Illumination for high-speed imaging can be challenging because of the photographic trade-offs involved. Many high-speed applications require short exposures to eliminate motion blur and high f-stop settings to maximize depth of field. More “sensitive” cameras often have larger pixels, creating an even greater challenge with depth of field.
All of this often leaves us scrambling for more light. Adding lots of light, however, can bring its own problems, including needing more power, creating heat, making the environment uncomfortable for humans or animals involved, etc.
LED illumination has become popular for high-speed imaging in the last few years because of its efficiency (lumens/watt), economy (lumens/$), and availability of daylight-balanced LEDs.
There are a couple of other properties of LED illumination that make it especially attractive for strobing applications:
- Extremely fast “on” and “off” times allow LEDs to be strobed (turned on and off) at very high frequencies.
- Limiting a strobed LED’s duty cycle (% of “on” time) allows over-driving LEDs way past their steady-state power (and illumination) limits.
A strobed LED may produce pulses of high-intensity illumination at very high frequencies and very short pulse lengths, which is ideal for high-speed cameras! The LED is off most of the time, so it is not consuming a lot of power or creating a lot of heat. Limiting the duty cycle also lowers the perceived brightness to humans and animals.
One question that might come up is, “Can strobed illumination cause photosensitive seizures?” For high-speed video we are talking about frequencies from 250Hz to 10KHz, which is far from the 1Hz to 20Hz range that might cause seizures. Standard fluorescent bulbs strobe at 60Hz, for example, which is faster that human perception can detect.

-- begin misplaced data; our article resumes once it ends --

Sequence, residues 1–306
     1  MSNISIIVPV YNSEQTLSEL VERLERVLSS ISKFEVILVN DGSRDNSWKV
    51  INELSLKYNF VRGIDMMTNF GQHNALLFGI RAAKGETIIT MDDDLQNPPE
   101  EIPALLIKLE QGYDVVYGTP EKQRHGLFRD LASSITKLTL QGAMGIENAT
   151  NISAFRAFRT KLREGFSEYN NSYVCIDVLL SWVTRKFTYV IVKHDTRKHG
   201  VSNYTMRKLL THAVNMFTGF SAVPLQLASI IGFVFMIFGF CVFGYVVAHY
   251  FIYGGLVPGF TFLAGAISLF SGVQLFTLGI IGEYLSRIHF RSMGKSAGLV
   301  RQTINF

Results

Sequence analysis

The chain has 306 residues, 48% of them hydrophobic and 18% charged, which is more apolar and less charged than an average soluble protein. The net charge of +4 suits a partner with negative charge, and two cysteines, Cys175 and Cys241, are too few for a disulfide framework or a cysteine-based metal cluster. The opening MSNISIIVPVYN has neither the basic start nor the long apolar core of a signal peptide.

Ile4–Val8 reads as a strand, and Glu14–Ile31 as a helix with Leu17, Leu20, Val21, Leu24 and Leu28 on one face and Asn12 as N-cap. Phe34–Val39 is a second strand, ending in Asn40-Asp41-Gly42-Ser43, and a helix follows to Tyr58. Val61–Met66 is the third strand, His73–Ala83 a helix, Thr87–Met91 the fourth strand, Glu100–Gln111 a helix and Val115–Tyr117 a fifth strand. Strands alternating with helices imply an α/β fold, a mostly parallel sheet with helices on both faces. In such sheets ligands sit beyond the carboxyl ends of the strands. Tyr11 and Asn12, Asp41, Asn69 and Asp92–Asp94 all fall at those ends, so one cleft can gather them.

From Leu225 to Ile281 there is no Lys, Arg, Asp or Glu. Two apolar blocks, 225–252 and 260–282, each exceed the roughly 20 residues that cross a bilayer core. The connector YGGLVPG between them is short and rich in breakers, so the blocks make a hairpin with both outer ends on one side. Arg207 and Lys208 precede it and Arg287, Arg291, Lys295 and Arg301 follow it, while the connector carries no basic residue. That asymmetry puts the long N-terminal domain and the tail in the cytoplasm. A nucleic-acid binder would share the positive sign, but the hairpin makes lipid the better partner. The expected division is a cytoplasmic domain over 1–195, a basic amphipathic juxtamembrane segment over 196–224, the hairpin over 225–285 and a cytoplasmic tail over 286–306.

The next thing you may be wondering is, “what is this going to look like?” The mention of strobe lights conjures up a few different things: 1) strobe lights on the dance floor making everyone appear to be moving in slow motion and 2) multi-flash strobe images like this one where there are multiple exposures on one still frame.
For high-speed imaging, there are several ways to utilize the strobe, but before listing them, let’s first nail down the concept.
For any given sensor, you will need some quantity of light to make a good image. We measure light quantity as “Intensity x Time”. In other words, some number of “lux x seconds” is required for a good image. If the light intensity (lux) is very high, the needed time can be very low. Sensitivity for image sensors is often quantified just that way: in Volts/lux/sec.
In the camera the exposure time is usually constrained by the maximum and minimum shutter duration possible for whatever frame rate the camera is operating at. The maximum exposure time is close to ‘1 /<frame rate>’. With digital sensors, you need to subtract a little time for the sensor to reset. Minimum exposure times are 3 microseconds or less.
The light intensity is constrained by the intensity of the light source and the lens f-stop required for adequate depth of field.
An alternative to setting a short shutter duration, however, is setting a short flash for the illumination. LED strobe illumination is often equipped with synchronization I/O signals, making it possible to flash the strobe one or more times for every frame taken by the camera.
Getting back to the question of what the video will look like. For most applications, you will see very clean video with minimal motion blur. It is also possible to use the strobe to create multi-exposure effects, even while capturing high-speed video. This video demonstrates some of the possibilities.
If you are interested in using strobed illumination with your Fastec camera, please contact us for more information.